The millennial generation, known for their disruptive tendencies are transforming real estate as they have quickly become the dominant home-buying demographic. However, millennials are rivaled on this front by the other largest generational demographic in history: the baby boomers.
As boomers retire, two trends emerge...
The boomers are beginning to retire. Retirement tends to entail lifestyle and property changes; however, boomers are creating their own unique trends. One boomer trend to consider is that many of them are simply staying put. A recent article by Prashant Gopal in Bloomberg Businessweek describes how seniors are preferring to “age in place” due to material and emotional investment in their local communities, as opposed to moving into a retirement community or a smaller residence. Another article from The Atlantic emphasizes how longer lifespans mean that for boomers, retirement is not a purely leisure phase in life. It’s often characterized by having a “second, ‘encore’ career” or developing an entrepreneurial side-project. They’re more inclined to stay within reasonable proximity of towns and urban centers.
For developers and real estate agents, the boomers beginning to retire presents a unique opportunity. Right now, there’s a distinct lack of infrastructure for aging retirees whose expectations and lifestyles are markedly different from years past. One exemplary housing innovation in response to this can be found in Florida, where the Kolter Group has been building condo units that respond to the boomer trend of downsizing. Kolter built three condo developments in Sarasota, St. Petersburg, and north Palm Beach that shirk traditional room delineations (living room, dining room) in favor of well-lit, high-ceilinged condos that average around 1,800 square feet. The downsized space isn’t a problem; residents prefer being by the waterfront and having great access to a downtown lifestyle.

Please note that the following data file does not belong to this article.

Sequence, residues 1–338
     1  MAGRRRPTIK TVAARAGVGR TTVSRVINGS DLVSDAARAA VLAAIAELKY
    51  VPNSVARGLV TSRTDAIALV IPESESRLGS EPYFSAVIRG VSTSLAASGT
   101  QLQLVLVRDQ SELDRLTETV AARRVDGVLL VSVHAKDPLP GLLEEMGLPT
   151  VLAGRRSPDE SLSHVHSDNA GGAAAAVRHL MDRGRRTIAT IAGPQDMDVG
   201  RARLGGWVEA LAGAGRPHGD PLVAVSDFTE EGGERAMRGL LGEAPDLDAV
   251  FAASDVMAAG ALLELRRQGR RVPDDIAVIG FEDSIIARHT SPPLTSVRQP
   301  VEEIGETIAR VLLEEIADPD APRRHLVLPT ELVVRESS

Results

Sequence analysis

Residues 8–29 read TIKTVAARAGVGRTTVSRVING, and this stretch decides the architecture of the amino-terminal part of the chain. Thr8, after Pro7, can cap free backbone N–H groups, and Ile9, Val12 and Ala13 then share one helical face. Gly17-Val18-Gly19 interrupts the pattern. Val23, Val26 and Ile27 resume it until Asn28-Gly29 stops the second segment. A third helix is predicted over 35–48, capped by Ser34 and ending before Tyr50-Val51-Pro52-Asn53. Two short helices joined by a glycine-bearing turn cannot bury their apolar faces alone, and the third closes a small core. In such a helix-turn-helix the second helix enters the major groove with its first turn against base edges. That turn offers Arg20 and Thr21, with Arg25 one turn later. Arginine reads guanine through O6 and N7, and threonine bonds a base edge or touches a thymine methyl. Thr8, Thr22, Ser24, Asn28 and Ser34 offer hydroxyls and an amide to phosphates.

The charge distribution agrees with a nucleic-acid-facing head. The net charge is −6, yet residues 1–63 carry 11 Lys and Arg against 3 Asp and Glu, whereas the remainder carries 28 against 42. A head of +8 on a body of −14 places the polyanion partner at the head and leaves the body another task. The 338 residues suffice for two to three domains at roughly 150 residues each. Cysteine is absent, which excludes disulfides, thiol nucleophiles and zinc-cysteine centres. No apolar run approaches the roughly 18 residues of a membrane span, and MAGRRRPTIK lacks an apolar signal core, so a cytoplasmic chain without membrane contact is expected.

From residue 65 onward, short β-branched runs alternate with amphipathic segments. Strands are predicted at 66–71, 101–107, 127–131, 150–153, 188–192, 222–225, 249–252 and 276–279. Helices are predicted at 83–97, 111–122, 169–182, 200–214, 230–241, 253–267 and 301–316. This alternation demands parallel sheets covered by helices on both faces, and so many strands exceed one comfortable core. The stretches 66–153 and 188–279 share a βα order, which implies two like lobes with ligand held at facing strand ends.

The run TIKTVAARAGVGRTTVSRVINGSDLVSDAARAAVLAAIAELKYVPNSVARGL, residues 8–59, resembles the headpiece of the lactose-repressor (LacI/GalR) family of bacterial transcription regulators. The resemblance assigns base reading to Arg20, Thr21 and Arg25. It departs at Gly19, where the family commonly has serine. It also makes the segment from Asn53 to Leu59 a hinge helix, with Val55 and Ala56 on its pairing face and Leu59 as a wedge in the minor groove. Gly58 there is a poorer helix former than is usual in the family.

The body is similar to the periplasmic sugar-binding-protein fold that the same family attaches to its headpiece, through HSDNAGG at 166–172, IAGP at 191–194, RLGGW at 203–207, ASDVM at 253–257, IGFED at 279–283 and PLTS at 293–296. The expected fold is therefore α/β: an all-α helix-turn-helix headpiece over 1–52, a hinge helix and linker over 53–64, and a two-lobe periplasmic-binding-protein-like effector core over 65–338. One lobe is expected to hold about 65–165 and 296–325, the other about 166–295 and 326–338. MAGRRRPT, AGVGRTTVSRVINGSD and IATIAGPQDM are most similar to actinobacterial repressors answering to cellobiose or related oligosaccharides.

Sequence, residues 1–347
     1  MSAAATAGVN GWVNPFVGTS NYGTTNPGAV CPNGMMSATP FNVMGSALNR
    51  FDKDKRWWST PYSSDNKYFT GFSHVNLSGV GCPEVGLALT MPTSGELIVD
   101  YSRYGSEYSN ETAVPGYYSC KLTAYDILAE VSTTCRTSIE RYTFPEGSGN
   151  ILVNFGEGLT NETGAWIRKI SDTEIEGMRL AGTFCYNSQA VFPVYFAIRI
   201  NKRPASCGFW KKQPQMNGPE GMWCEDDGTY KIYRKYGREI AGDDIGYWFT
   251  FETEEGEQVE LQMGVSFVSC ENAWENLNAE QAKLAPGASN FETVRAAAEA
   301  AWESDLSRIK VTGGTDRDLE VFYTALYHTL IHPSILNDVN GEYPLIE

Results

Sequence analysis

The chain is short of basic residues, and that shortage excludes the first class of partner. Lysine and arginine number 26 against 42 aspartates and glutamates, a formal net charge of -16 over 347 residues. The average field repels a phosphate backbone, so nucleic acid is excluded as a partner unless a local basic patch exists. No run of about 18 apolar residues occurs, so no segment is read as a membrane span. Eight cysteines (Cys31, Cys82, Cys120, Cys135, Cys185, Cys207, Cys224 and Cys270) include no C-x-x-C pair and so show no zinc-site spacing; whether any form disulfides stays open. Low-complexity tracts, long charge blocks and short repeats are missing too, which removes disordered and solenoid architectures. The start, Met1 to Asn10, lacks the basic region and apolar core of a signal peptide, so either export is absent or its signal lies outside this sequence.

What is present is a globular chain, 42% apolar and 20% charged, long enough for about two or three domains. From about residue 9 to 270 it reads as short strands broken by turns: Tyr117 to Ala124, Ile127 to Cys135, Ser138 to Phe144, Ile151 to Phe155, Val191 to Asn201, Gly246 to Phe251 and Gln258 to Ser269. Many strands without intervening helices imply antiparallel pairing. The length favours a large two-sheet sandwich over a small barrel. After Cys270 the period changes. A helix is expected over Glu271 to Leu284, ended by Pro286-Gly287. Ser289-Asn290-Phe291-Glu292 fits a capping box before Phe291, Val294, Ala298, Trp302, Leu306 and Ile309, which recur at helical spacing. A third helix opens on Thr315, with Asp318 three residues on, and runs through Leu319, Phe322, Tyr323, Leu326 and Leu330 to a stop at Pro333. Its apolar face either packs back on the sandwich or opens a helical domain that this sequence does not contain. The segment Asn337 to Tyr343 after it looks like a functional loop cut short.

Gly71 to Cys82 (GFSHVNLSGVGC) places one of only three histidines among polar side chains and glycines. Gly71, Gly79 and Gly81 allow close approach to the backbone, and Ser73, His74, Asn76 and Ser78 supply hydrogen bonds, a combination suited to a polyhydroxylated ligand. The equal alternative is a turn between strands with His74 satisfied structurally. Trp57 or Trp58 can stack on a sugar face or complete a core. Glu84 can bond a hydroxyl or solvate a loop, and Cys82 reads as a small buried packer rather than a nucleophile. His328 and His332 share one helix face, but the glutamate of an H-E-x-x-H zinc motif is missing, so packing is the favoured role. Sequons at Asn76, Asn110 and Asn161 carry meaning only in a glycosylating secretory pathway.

Marketing to boomers: print is dying but…
What’s the best way to get a boomer’s attention? As boomers begin to retire, they represent a largely untapped demographic for innovation in marketing. Their desire for a retirement that looks unlike any other previous model spells opportunity for anyone bold enough to engage with these new expectations. Many marketing specialists have been doubling down on getting a piece of the millennial buyer market, but there has been a dearth of research on how to best communicate with the boomers.
It turns out, at least half of seniors get their news from print materials. According to Commission Express, there is a digital literacy gap that exists between boomers and younger generations that absolutely needs to be accounted for. Therefore, mailers and newspaper ads should be an integral part of a marketing strategy that seeks to target baby boomers.
That said, when marketing to baby boomers, digital ads should not be forgotten. While they may not be as tech-savvy as younger buyers, they are more inclined to make concrete purchases online where millennials are prone to rent.
Baby boomer retirement is putting real estate and marketing into uncharted territory. Boomers have unique expectations when it comes to retirement and the same formulaic strategy will no longer be effective. In some cases, boomer retirement is spurring authentic, genre-defining innovation. But keep in mind, when marketing to baby boomers, it may be the best strategy to return to print, a medium thought to be past its prime. Advertisements in the New York Times, Architectural Digest, Bloomberg, etc., still have notable appeal for this demographic.